Joseph Bernard

Joseph Bernard
March  2009

I was schooled as a painter but for ten years, I worked exclusively with small format (S-8 & 16mm) silent films. These were, for the most part, film-as-film abstractions, non-narrative efforts more closely akin to absolute music. Over a hundred were completed. My camera's macro lens allowed an intimacy with objects that went beyond their conventional identity. Issues of color, light and movement became an obsessive new world, a new way to see.

Following film-making, I returned to a related hybrid of sorts; collage painting. After some false starts, wood panels (technically called oriented strand board) became the 'support' of choice. Added to the mix of acrylic paint and inks, I used other materials that would generate marks, lines and transparencies. Objects such as decals (handmade transparencies of photographic images with the paper removed), hair, seaweed, thread, feathers, petals, onion skins, strips of movie film, tape, stencils and crushed cans provide image. After having bleached, painted, taped onto and scrapped into many of my later films -- some chopped into thousands of pieces then rejoined by splices -- this process of manipulation/collage became a personally embraced vocabulary and ultimately means for the newer paintings.

I think of the surfaces of these collage paintings as being 'built', puzzle-like, with objects as image and among those objects, I would include pieces of color/shapes of paint, chiseled 'removes', all collage materials and recycled pictures from magazines. The latter I now combine with decals made from my own paperless photographs.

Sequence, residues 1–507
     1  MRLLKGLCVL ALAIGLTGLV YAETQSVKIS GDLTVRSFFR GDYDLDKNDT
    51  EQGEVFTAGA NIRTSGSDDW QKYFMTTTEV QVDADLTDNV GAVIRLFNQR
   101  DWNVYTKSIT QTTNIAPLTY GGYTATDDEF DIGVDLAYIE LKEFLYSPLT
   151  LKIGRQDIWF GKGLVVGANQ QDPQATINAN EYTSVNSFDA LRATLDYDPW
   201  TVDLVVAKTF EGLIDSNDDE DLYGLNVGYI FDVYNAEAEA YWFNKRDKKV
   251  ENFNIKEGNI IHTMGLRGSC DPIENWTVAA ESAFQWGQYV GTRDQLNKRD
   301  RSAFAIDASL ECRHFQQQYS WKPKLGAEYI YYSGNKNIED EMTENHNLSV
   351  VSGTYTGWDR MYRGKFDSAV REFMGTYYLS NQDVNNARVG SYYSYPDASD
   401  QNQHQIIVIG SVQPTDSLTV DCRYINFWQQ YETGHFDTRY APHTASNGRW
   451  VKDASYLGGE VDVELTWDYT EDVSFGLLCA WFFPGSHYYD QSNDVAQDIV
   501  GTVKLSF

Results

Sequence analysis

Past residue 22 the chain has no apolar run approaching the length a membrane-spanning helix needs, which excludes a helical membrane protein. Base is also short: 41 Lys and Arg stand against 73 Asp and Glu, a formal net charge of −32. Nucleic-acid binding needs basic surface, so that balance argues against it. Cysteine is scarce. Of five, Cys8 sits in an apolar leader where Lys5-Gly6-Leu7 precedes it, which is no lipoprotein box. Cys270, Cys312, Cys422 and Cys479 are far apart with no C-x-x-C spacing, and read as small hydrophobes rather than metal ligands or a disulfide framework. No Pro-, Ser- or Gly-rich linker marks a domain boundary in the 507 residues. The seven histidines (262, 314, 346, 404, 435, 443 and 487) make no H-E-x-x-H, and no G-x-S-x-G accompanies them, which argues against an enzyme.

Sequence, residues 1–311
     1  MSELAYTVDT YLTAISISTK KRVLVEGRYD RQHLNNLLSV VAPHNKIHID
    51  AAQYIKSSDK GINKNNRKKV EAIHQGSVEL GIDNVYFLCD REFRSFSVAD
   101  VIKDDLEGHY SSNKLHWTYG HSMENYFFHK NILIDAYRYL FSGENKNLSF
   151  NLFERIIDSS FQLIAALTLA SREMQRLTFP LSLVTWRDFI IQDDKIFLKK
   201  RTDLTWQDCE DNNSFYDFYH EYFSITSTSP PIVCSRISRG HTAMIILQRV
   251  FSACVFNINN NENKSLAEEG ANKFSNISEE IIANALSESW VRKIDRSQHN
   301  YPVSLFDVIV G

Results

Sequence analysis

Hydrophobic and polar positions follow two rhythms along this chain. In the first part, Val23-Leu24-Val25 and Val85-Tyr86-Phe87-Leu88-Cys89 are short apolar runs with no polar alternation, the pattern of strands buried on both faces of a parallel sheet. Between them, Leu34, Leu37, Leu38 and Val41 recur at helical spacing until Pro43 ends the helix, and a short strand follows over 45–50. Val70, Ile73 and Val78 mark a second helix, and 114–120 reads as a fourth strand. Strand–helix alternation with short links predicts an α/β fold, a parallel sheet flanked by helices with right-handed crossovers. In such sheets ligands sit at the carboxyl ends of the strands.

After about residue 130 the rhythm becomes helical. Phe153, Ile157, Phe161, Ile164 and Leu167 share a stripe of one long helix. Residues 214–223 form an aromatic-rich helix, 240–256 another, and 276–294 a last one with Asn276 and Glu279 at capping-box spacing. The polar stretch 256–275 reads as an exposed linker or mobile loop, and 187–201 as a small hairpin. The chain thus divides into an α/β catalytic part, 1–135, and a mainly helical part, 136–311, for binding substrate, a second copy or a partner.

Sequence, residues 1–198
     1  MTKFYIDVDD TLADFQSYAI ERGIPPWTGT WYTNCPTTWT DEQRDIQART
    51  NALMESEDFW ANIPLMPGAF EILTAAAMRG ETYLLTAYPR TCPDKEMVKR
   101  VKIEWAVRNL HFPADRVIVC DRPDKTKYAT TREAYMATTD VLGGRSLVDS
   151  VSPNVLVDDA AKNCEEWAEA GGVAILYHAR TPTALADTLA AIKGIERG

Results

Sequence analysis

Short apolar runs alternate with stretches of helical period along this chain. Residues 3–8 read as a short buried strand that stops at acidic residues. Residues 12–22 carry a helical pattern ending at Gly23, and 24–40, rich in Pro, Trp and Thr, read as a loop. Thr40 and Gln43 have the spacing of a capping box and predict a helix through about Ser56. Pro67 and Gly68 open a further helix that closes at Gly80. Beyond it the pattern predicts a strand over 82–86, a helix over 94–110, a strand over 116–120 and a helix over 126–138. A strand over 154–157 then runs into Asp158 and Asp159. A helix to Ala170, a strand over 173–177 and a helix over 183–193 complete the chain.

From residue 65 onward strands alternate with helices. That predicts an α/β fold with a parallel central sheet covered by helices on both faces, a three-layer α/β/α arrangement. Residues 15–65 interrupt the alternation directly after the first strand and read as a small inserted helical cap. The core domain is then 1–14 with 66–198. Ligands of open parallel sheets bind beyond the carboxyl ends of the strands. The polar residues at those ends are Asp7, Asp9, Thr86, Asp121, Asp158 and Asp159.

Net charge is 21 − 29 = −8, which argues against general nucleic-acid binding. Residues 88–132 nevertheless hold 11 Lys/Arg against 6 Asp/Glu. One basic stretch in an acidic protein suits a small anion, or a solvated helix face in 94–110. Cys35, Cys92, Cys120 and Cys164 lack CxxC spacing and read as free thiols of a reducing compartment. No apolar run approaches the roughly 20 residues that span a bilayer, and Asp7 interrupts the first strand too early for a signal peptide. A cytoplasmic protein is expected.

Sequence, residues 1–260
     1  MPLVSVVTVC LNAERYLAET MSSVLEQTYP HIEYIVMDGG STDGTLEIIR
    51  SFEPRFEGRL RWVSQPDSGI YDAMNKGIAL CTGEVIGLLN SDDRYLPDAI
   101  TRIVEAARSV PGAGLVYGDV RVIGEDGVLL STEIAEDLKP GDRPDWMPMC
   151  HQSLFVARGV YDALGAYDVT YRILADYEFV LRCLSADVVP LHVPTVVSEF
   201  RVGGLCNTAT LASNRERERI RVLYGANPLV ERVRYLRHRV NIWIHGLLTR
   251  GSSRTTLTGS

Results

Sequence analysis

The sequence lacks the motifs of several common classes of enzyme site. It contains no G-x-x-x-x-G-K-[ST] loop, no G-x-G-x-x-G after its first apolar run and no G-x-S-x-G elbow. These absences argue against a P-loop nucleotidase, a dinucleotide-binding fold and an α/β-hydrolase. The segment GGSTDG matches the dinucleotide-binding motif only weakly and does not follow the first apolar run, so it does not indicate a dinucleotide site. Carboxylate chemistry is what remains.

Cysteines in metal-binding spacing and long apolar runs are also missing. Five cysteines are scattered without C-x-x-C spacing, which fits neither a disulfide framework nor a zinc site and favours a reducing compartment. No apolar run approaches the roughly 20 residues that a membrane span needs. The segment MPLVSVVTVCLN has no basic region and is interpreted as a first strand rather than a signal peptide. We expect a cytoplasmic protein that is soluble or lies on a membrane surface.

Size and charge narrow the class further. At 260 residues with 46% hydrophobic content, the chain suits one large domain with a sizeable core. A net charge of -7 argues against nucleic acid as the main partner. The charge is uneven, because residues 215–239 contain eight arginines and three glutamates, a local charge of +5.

I need to devise paintings that, in the making and without warning, shift, change, even reverse original intentions. Paintings that fit certain intuitive criteria and invert others. The activity of making, that is, the “process” itself should provoke, blind-side, help find things. I believe discovery is the core reason any art gets made. Making is the search. Intentions achieved, (original or revised), become the prize.

The content of this work often makes oblique references to findings in music, writing or others' art that has affected me. I'm also sensually attracted to wet-looking, deeply saturated colors; details clotted with information in decayed and veined foliage, worn passages, underwater stones or aerial views of erosion and tidal flats. I'm drawn to coded sources like maps, navigational charts, board games, blue prints, x-rays, herbarium displays, musical notation, manuscripts,  handmade signage and graphic aspects of cultures beyond my own.

These pictographic elements trigger evocative sensations of something understood beyond the literal. They intimate a commonality, a sharing from another time, other parts, lost thoughts. This is, in a manner, somewhat similar to the method taught at The Actors Studio called “sense memory” which relies on recall. Jung also dealt with this connection of a favored object misplaced, belongings left in childhood then later remembered  in adulthood. Much in art is made from recallings, conscious or otherwise.

My eventual return from films to painting meant activating a single 'frame' with sustained dynamics and meaningful content that would hopefully provide a complex, interesting read. Good painting has, in addition to the unexpected, a constellation of points and voids, spatial layers, as well as metaphoric or associative offerings. Of course there are those that do it with either more or less.

Overall, my intention is to produce an abstraction with presence and ambiguity; a combining image that has open-ended possibilities, something that looks like language but isn't always, something that has meaning but avoids definition. If art has a purpose, it may simply be to provide new possibilities... or get in the way of what's expected.